ABSTRACT: Exogenous activation of pulmonary invariant natural killer T (iNKT) cells, a population of lipid-reactive αβ T lymphocytes, with use of mucosal α-galactosylceramide (α-GalCer) administration, is a promising approach to control respiratory bacterial infections. We undertook the present study to characterize mechanisms leading to α-GalCer-mediated protection against lethal infection with Streptococcus pneumoniae serotype 1, a major respiratory pathogen in humans.
α-GalCer was administered by the intranasal route before infection with S. pneumoniae. We showed that respiratory dendritic cells (DCs), most likely the CD103(+) subset, play a major role in the activation (IFN-γ and IL-17 release) of pulmonary iNKT cells, whereas alveolar and interstitial macrophages are minor players. After challenge, S. pneumoniae was rapidly (4 hours) eliminated in the alveolar spaces, a phenomenon that depended on respiratory DCs and neutrophils, but not macrophages, and on the early production of both IFN-γ and IL-17. Protection was also associated with the synthesis of various interferon-dependent and IL-17-associated genes as revealed by transcriptomic analysis.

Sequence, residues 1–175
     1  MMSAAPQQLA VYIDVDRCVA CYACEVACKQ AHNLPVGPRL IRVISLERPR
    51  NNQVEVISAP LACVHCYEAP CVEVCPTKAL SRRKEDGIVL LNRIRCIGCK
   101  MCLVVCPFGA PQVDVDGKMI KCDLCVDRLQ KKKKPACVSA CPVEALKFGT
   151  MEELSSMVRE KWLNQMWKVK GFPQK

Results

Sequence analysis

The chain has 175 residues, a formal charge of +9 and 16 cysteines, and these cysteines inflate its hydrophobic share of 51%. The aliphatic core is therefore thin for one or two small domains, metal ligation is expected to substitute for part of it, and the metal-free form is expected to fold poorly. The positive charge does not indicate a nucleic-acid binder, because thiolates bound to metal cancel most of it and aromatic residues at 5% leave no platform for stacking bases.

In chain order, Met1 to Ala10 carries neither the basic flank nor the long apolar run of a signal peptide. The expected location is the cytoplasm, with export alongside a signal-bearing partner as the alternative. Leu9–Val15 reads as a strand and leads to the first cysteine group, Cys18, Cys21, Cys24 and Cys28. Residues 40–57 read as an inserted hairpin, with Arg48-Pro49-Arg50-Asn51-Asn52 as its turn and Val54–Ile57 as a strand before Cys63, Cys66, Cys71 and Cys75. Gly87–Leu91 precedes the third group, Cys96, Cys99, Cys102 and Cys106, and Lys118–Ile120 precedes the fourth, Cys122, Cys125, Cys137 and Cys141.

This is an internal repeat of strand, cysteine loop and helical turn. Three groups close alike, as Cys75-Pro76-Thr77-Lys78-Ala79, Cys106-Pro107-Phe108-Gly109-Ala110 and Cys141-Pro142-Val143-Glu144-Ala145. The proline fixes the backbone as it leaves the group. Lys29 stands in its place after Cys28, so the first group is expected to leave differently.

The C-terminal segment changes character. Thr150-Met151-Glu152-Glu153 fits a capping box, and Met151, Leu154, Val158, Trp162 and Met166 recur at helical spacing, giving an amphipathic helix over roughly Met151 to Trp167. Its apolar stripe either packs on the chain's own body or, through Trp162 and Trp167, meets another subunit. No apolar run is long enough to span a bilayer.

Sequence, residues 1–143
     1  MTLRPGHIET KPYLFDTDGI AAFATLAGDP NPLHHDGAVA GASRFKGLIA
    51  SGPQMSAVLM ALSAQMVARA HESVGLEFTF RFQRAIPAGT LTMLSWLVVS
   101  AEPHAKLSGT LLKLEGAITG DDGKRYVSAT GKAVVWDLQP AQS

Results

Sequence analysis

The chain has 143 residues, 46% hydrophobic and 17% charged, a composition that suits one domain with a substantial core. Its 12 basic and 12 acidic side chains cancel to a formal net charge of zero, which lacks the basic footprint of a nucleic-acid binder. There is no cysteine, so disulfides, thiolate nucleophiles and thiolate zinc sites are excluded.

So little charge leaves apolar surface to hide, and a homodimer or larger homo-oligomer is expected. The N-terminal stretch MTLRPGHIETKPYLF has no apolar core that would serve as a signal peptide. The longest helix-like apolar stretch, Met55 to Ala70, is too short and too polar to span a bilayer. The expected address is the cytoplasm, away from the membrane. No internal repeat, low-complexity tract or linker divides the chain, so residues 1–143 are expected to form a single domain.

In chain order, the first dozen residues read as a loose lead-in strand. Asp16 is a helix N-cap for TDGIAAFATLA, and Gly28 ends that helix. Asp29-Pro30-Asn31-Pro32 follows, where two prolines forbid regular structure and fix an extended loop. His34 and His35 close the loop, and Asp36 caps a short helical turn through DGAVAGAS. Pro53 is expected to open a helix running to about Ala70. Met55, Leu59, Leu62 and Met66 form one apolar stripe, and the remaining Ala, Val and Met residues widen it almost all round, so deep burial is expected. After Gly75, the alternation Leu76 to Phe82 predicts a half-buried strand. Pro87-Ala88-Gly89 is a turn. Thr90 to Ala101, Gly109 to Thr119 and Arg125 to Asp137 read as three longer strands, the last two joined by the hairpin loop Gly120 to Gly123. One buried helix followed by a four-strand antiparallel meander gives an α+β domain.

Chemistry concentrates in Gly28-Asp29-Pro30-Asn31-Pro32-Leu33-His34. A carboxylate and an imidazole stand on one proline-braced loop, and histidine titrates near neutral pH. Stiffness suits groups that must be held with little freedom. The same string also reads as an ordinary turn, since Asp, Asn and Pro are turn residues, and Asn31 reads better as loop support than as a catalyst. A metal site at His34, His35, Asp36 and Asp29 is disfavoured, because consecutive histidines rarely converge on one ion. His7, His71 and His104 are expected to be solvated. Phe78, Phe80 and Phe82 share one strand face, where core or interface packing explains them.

These data imply a new function for pulmonary CD103(+) DCs in mucosal activation of iNKT cells and establish a critical role for both IFN-γ and IL-17 signalling pathways in mediating the innate immune response to S. pneumoniae.
The Journal of Infectious Diseases 06/2012; 206(5):723-34. · 6.41 Impact Factor